From the Sperry Garden – March, 2010

Forsythia in the
Sperry home gardens

‘Autumn Gold’ ginkgo at Dallas Arboretum last November

Close-up of fall color of
‘Autumn Gold’ ginkgo

On A Personal Note
I try to scatter color in various parts of my landscape, and today’s featured plants follow that pattern. I have four clusters of forsythias, and two locations where I have ginkgoes.

Forsythias are my favorite spring-flowering shrubs (tied for first with the various Encore azaleas). Forsythias are northern shrubs that also do fairly well in big parts of Texas. They grow to 5 or 6 feet tall and wide, and they do best in full or nearly full sun. They’re not especially picky about soils, but they grow best when they’re kept moist at all times, and when you supply them with nitrogen regularly. I don’t prune mine very often, and then, I try to do so only in the spring, immediately after they finish flowering. The photo shows one that’s been blooming for 10-12 days, and that shows no signs of stopping. This is a plant with pure yellow blooms. They give a wonderfully crisp, cheerful color that complements redbuds, spring bulbs and pansies handsomely.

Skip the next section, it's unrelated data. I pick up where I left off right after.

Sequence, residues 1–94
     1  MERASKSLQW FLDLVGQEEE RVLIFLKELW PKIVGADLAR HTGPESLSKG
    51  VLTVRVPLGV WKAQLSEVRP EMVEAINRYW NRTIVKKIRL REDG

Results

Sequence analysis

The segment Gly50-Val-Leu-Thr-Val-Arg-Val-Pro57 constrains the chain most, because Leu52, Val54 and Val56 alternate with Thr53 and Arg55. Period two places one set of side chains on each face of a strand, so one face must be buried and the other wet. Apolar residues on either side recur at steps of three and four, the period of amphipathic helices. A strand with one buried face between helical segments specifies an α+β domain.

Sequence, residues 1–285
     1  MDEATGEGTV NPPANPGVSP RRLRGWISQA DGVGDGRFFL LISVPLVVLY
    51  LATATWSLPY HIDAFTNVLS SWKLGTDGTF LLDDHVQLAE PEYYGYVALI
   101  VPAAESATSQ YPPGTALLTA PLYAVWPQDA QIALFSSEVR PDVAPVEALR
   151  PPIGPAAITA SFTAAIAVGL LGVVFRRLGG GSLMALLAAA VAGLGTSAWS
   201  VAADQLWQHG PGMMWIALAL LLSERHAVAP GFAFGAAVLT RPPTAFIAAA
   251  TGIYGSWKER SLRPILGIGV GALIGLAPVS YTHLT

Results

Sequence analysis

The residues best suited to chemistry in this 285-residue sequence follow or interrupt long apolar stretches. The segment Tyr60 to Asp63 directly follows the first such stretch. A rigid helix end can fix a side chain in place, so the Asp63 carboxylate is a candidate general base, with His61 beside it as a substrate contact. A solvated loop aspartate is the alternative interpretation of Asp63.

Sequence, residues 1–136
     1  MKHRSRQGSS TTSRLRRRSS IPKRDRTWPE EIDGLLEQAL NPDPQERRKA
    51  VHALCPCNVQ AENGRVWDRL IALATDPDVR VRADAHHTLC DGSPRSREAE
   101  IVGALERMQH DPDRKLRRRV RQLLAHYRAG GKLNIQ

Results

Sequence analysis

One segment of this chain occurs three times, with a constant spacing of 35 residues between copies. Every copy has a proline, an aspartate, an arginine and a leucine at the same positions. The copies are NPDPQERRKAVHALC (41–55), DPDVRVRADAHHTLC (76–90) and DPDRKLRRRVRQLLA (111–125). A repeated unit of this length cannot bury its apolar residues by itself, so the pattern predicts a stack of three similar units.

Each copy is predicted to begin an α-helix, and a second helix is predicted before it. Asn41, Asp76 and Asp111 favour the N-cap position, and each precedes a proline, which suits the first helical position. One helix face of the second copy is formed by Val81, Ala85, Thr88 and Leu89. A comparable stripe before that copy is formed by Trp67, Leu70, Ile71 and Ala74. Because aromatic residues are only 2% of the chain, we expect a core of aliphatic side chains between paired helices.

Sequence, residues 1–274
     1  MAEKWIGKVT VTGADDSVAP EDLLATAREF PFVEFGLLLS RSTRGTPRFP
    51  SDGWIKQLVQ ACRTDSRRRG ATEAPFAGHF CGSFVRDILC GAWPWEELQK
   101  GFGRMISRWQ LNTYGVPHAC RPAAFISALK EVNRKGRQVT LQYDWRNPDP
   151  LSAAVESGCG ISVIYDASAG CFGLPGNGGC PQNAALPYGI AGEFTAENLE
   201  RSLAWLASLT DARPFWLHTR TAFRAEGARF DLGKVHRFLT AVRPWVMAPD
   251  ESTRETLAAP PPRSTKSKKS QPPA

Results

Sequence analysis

Then, looking ahead to the fall, my favorite source of yellow fall color is ginkgoes. Again, it’s a plant that’s more common in the North. But, it’s well suited to the eastern half of the state. You always want to buy a grafted male tree (such as this variety ‘Autumn Gold,’) since female ginkgoes bear messy, smelly fruit. Should any sprouts come up from below the bud line, trim them off immediately.

Ginkgoes have unusual, vase-shaped branching. Their leaves look like those of maidenhair ferns, and for that reason, the tree is sometimes referred to as maidenhair tree. In the hot Southwestern climate, ginkgoes grow slowly to 30 or 35 feet. They respond to all-nitrogen fertilizers and consistently moist soils.

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Posted by Neil Sperry
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